Adventure Travel

All the Way to Tomboctou

On returning from the Dogon to Sangha, I learned that I would be able to fly to Tomboctou. Otherwise it is a long single highway heading north into the dessert.  I was able to get a ticket on Mali Airways in Mopti to Tomboctou and then on to Gao.

Tomboctou has the reputation of being in the middle of nowhere, but it was the southern destination of caravans through the desert and has a storied history.

The small two-prop 14-seater plane was only half-full as we took off the following morning. It was open enough so that I could move from left to right window seat, so I could keep sight of the winding Niger River from our altitude of about 10,000 ft. As we approached the small Tomboctou Airport, a few km south of town, I could see the route south to the nearby Niger. It was not a place with many roads.

When we landed, I decided to head south 12 km to the river to wander along the riverbank.  I saw a huge riverboat which only operated seasonally. It would await the rainy season upriver in the Guinea highlands before it could resume service to Mopti and almost 1000 kms up the river to Bamako.  When you live in an extreme climate, businesses and people adapt to the seasons.

After resting for a bit by the river, I returned to the road to hitch a ride back to the airport and into the legendary town at the northernmost bend of the Niger River, Tomboctou.

My ride left me in the center of town – which was large sandy square with a central raised plaza.  At one edge of the plaza was a 30 ft high monument with a relief of a rider on a galloping white stallion.  It was now mid-morning, already becoming unbearably hot, and getting hotter.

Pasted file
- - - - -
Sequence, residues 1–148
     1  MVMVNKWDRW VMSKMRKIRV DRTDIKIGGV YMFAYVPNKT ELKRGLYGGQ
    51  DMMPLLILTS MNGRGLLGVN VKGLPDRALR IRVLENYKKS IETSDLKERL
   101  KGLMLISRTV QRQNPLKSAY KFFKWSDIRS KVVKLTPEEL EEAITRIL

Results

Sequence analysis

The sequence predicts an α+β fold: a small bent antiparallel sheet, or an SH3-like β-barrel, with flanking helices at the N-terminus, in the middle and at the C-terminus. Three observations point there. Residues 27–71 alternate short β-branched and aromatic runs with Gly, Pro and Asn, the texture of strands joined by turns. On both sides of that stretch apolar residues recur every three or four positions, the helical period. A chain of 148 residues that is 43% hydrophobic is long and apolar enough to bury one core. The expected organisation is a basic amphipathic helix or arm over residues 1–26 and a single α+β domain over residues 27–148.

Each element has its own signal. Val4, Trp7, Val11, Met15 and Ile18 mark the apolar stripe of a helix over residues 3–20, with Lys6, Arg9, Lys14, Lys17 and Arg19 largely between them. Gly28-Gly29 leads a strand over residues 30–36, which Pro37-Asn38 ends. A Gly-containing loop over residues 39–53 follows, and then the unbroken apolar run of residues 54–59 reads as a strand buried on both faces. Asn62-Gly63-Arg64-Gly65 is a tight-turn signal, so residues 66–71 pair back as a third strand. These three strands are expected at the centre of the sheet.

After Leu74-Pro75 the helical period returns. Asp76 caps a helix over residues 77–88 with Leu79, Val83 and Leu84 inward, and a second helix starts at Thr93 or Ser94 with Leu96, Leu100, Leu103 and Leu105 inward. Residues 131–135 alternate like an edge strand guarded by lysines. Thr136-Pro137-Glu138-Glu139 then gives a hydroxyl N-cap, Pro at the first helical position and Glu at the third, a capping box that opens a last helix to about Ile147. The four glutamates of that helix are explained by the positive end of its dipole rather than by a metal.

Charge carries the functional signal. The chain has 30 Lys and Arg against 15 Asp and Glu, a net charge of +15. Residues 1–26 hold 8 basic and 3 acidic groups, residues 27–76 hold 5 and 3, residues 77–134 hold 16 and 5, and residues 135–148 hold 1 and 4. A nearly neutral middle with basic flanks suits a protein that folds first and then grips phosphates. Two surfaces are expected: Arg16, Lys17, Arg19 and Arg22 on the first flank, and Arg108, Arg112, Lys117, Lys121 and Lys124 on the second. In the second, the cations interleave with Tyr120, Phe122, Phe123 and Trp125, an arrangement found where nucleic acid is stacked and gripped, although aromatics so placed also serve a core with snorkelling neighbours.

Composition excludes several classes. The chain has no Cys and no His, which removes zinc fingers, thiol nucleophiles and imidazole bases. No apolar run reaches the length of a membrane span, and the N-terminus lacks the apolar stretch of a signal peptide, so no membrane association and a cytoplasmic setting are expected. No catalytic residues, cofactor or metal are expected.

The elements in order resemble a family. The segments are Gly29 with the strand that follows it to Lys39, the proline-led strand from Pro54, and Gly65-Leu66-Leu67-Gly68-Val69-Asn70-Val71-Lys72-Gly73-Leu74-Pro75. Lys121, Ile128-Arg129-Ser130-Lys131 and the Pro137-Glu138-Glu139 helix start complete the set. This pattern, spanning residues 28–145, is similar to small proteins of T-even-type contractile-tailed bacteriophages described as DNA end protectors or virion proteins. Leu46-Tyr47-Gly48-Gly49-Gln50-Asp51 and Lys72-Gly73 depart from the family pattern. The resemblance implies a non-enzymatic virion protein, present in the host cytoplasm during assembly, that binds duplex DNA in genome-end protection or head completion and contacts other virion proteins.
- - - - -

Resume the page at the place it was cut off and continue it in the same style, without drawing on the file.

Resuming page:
I asked one of the few people about, “Où peut-on trouver une chambre simple?” – Where can one find a simple room? 

They pointed me to the Eastern edge of town.  I found lodging, literally at the edge of town.   The room was simple and basic, which was perfect for my needs.  I planned to be out all day and just sleep here.

Outside the room was a bare concrete terrace which stretched for 30-40 feet along the eastern edge of the property, beyond which there was just sand and more sand.  Further were some seemingly neglected mudbrick and stone structures. 

After quickly settling in, I wandered through this sandy desert landscape.  I noticed that there were limitless scattered bleached white broken bones.  There were some scattered trees, but mostly sand, some small stones, and lots of scattered bones like a movie scene from a desert where people didn’t make it to an oasis. About 150 meters from the terrace the land sloped down to an oasis-type pool where I could see a man collecting water.  I headed back to my simple perfect room, showered, then dressed and went off to explore the legendary city. 

Niger River near Tomboctou

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